That’s a funny and kind of difficult question for me. I really felt like different judges were pulling for me at different times, and would have nice things to say. I never felt like the greatest champion. In the beginning, I thought Miss Jay was very complimentary of me, and towards the end it was more Twiggy who I felt like had nice things to say about me. Throughout it all, I felt the most confidence and inspiration from Tyra. She really wanted me to get better and I felt that from her.
You’re tall, blonde, and beautiful – do you think being “conventionally” pretty worked for you or against you in this competition?
I don’t know. The haircut I got was definitely not conventional! (Laughs) That gave me a little edge, I guess. I think coming into this, I didn’t really get it. In modeling, what one person thinks is ugly is the most beautiful thing in modeling. Like they always said to Brooke, “You’re so wrong you’re right.” On camera, she looked amazing! So I don’t necessarily think being conventionally pretty hurts you, but I think in high fashion modeling it’s not just the conventionally pretty girls that are the most successful.
On the other hand, people look at you and think “CoverGirl.”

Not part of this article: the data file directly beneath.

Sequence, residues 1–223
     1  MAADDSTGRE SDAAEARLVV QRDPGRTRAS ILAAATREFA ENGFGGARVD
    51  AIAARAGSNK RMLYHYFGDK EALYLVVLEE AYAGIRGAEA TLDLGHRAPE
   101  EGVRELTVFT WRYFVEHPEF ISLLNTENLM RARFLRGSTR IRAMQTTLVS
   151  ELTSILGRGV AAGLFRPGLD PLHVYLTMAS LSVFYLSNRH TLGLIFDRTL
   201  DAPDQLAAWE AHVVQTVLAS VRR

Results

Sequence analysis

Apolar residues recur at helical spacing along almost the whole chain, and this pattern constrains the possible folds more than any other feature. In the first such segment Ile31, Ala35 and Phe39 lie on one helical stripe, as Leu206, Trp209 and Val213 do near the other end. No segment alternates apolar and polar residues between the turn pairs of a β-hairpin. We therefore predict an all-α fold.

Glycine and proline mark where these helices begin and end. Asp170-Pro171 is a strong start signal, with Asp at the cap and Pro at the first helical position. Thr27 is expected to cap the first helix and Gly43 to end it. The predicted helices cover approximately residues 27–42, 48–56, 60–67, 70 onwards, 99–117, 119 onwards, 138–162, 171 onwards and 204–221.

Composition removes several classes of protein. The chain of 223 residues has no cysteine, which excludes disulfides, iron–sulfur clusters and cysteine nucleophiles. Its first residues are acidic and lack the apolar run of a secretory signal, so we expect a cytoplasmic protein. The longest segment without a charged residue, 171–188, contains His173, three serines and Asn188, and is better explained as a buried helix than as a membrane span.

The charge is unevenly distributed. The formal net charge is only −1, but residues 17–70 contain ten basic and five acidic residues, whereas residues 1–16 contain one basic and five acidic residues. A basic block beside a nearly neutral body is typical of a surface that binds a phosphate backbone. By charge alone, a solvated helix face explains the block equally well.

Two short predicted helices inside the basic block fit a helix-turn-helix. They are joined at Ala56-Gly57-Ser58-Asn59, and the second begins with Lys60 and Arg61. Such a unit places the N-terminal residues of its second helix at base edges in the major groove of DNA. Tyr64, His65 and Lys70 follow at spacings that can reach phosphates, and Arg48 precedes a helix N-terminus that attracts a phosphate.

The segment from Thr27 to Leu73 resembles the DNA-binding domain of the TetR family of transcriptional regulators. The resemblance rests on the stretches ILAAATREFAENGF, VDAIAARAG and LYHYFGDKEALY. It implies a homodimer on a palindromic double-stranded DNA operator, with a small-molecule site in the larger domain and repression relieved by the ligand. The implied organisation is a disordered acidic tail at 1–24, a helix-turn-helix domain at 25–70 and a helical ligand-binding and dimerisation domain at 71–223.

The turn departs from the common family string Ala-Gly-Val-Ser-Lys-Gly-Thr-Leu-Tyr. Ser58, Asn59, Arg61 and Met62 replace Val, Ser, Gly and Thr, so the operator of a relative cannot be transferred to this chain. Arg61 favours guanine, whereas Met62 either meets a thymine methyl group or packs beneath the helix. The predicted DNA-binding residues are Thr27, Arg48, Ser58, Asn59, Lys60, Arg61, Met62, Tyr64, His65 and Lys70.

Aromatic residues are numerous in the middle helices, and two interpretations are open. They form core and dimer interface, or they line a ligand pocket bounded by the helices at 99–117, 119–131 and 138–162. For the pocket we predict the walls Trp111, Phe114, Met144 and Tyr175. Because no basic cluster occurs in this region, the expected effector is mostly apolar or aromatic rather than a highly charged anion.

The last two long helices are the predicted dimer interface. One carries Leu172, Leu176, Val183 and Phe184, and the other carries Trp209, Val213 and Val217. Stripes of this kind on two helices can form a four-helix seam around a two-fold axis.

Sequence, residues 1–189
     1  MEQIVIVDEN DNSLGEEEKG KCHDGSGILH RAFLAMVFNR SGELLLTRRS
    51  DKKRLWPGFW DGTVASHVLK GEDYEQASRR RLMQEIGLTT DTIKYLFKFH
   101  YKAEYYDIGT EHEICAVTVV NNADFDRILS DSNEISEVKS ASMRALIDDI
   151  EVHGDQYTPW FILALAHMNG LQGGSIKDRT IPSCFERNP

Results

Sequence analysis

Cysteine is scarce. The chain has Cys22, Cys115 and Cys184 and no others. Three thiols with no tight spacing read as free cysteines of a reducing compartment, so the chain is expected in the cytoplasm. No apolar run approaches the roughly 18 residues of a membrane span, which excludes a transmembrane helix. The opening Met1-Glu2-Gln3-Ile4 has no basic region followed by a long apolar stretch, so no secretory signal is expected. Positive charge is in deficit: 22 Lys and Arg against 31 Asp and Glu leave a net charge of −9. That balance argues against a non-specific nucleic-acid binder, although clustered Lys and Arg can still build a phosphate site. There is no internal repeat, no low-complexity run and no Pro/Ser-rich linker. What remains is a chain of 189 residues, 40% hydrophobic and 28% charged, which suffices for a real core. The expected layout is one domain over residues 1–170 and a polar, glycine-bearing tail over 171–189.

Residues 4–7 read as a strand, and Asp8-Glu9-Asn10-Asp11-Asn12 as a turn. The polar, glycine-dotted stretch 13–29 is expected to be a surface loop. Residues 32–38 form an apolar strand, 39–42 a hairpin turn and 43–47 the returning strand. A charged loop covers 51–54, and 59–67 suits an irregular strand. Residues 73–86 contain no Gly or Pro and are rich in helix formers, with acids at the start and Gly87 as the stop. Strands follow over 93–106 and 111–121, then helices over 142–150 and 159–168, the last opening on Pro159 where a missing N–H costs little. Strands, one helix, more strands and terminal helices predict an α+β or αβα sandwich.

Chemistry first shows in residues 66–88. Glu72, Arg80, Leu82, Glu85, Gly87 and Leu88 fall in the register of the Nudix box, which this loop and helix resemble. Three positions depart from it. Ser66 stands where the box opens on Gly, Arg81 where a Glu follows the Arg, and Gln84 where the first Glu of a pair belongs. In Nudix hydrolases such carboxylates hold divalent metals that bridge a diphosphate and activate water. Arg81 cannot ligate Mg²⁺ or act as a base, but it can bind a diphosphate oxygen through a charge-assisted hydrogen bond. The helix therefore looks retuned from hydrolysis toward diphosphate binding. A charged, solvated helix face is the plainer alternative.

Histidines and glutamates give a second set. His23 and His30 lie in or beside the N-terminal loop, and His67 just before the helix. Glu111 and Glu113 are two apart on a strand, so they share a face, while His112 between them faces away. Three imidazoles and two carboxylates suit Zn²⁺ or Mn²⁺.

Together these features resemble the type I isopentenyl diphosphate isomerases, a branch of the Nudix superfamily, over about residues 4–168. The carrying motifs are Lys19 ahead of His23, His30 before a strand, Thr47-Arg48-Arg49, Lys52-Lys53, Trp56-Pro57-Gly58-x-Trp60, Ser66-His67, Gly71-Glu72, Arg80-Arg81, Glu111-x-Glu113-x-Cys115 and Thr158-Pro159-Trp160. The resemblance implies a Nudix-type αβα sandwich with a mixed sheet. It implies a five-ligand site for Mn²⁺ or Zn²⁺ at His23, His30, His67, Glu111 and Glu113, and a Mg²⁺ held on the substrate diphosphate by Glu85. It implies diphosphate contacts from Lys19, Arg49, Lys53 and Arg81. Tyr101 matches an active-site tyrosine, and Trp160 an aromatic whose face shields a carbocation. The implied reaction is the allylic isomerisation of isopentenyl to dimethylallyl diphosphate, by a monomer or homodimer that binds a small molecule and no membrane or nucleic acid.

I think that’s a great compliment! I would love to do something like CoverGirl. There really are so many directions you can take in modeling. I really want to explore all of them and see which one I have potential in.
What has been the hardest for you to learn as a beginner in the world of modeling?
I can’t put my finger on one thing, I’ll tell you that. (Laughs) That’s a really good question. I felt like for me it was putting everything together. I was trying to be a sponge and learn everything I could. But when you’re up there, and they’re telling you you’re too tall and you need to make your height work, and you need to find your lighting, find your eyeline – it was just overload. For me, it was just putting everything together and then relaxing. Because when I started to overthink everything, it would show on my face, and I would look tense, and stressed, and I would be stiff. Looking back on it, I do wish I could have just stepped outside of myself and laughed at myself, and told myself to relax and not take things so seriously, because I think that would have helped me.
What’s ahead for you, Sara? Volleyball? Modeling? Grad school?